At a Glance
- Mathilde Loisel, a beautiful woman unsatisfied by her marriage. She dreams of being rich and is self-conscious about her plain clothes. She borrows and loses Madame Forestier's necklace and spends the next ten years paying for a replacement.
- Monsieur Loisel, Mathilde's husband, who works as a clerk in the Ministry of Public Instruction. Unlike Mathilde, he's happy with his life and doesn't want to change it. He uses his entire inheritance to help pay for the necklace.
- Madame Jeanne Forestier, Mathilde's school friend, who lends her the necklace. Years later, after learning of Mathilde's sacrifices, she admits that the diamond necklace was a fake.
Madame Jeanne Forestier
Madame Forestier is a school friend of Mathilde Loisel, and she lends her the necklace that Madame Loisel wears to the ball. Madame Forestier's wealth has intimidated Madame Loisel, preventing her from keeping in touch with her old friend. When Madame Loisel does visit, Madame Forestier is as friendly as ever, generously offering to lend her friend a piece of her jewelry for the ball. When the diamond necklace is returned more than a week late, however, Madame Forestier is cold and reproachful. She does not know that the borrowed necklace was lost and that the Loisels have pledged themselves to years of debt to buy a costly replacement. Years later, the two meet on the street. Madame Loisel has aged prematurely by toil and hardship, while Madame Forestier is "still young, still beautiful, still attractive.'' She does not recognize her old friend when they meet and is ‘‘deeply moved’’ when she learns that the Loisels had spent the last decade in debt to replace her necklace.
Madame Mathilde Loisel
It is Madame Loisel's desire to be part of the upper class which sets the story's events in motion. She is a beautiful woman who feels herself "born for every delicacy and luxury." Her belief that she is meant for better things than middle-class drudgery forms the core of her personality. She believes that superficial things—a ball gown, better furniture, a large house—will make her happy, and an invitation to a ball makes her miserable because it reminds her of her dowdy wardrobe and lack of jewels. After securing these trappings of luxury, she has the time of her life at the ball, for one evening living the lifestyle she believes herself entitled to. After losing a borrowed necklace, she is not able to admit the error to the friend who lent it. While spending many years in poverty, toiling to repay the debt of replacing the necklace, Madame Loisel prematurely loses her physical beauty.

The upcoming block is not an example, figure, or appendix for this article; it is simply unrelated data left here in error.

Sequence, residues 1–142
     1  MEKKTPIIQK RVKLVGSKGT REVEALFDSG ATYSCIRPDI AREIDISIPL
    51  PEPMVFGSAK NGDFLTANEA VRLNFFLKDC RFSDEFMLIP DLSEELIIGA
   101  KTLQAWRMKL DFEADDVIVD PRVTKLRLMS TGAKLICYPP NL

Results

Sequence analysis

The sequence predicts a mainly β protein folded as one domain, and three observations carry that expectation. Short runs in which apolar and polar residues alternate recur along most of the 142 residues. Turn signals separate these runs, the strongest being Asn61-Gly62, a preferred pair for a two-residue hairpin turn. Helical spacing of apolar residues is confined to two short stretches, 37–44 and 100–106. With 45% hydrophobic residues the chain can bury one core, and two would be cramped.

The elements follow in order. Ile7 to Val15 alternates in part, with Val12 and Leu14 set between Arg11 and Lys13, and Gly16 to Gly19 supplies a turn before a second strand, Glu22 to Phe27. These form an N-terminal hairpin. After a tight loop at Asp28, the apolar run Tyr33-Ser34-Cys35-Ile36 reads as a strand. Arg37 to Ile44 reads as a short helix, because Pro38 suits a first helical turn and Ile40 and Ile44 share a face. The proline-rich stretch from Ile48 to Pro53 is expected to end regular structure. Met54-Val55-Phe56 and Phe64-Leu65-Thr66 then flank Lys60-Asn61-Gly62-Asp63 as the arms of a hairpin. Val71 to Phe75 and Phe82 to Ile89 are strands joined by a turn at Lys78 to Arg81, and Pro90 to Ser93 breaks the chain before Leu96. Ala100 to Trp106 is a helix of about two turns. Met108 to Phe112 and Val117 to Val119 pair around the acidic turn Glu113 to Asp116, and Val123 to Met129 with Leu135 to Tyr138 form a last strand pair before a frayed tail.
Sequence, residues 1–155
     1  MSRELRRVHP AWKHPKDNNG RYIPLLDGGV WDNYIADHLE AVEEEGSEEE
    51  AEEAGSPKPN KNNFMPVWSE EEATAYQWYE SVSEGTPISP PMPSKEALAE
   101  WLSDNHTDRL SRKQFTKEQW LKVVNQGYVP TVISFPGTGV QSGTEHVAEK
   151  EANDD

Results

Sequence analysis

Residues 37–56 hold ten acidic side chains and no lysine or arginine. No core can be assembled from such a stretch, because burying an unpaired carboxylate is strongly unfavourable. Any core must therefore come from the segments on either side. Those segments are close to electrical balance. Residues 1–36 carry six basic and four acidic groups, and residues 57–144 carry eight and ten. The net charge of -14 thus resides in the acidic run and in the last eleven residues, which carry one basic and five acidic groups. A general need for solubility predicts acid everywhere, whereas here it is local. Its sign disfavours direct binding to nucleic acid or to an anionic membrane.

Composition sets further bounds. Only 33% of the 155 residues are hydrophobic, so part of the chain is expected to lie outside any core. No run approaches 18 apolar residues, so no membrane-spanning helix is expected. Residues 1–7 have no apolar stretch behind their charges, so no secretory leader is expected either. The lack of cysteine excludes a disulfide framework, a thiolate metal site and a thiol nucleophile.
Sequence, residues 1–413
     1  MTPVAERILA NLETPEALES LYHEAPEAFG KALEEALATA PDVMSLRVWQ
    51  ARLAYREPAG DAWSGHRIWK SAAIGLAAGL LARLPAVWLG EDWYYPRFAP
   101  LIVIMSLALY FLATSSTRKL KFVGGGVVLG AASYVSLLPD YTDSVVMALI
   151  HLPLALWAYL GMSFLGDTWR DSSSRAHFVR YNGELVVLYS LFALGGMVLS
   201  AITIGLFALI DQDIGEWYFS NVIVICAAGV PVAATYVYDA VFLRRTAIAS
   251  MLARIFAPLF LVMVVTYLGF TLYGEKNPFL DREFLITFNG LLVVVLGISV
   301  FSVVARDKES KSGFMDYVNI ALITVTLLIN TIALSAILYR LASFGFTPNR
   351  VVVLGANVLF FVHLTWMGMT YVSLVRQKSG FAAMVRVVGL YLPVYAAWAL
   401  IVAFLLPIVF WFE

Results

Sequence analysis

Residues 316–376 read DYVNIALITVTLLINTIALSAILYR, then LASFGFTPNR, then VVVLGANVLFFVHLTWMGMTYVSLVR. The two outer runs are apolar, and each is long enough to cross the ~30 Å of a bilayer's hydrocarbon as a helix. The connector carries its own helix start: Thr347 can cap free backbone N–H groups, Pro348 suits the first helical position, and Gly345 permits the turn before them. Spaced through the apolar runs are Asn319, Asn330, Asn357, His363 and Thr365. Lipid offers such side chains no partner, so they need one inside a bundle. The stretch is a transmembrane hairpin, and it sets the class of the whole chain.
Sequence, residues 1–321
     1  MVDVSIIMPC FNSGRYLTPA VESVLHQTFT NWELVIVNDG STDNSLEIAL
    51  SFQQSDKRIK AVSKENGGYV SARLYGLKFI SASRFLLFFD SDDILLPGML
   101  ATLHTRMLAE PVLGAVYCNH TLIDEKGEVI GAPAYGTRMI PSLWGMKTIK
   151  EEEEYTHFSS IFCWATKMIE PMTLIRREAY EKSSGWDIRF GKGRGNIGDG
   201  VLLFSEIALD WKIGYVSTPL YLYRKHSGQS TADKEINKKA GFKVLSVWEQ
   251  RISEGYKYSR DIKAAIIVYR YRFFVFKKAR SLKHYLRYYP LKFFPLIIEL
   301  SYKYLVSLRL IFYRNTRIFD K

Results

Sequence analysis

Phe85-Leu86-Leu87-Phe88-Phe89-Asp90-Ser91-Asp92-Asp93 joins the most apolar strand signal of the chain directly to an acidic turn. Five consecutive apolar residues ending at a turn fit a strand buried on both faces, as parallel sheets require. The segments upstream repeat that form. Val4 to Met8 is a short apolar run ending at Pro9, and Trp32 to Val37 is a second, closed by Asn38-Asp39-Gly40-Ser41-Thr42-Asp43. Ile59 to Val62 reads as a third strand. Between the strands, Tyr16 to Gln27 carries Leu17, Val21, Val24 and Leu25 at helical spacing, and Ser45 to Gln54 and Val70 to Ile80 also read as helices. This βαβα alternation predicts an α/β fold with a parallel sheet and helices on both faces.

Monsieur Loisel's complacency and contentment with his social situation contrasts markedly with his wife's desire to experience life among the social elite. Whereas Madame Loisel dreams of magnificent multi-course meals, her husband is satisfied with simple fare: ‘‘Scotch broth! What could be better?’’ He is attentive to his wife's desires, however, procuring tickets to a ball so that she can see "all the really big people.'' He gives his wife the four hundred francs that he had set aside for a gun so that she can buy a dress, and spends several early morning hours searching the streets for the lost necklace even though he must go to work that day. Seeking to protect his wife's honor, he suggests that they tell Madame Forestier that the necklace is being fixed rather than that it has been lost.
Themes and Characters
It is a fallacy to assume that a story must contain only action, particularly if it is written by Maupassant. In this, as in many of his stories, there is little or no "action" and very little actually "happens" from the viewpoint of many readers. Yet in "The Necklace," mood and atmosphere are brilliantly created; in this and in many other stories by Maupassant, the sense of life is not diminished when no earth-shattering events happen.
(The entire section is 2,034 words.)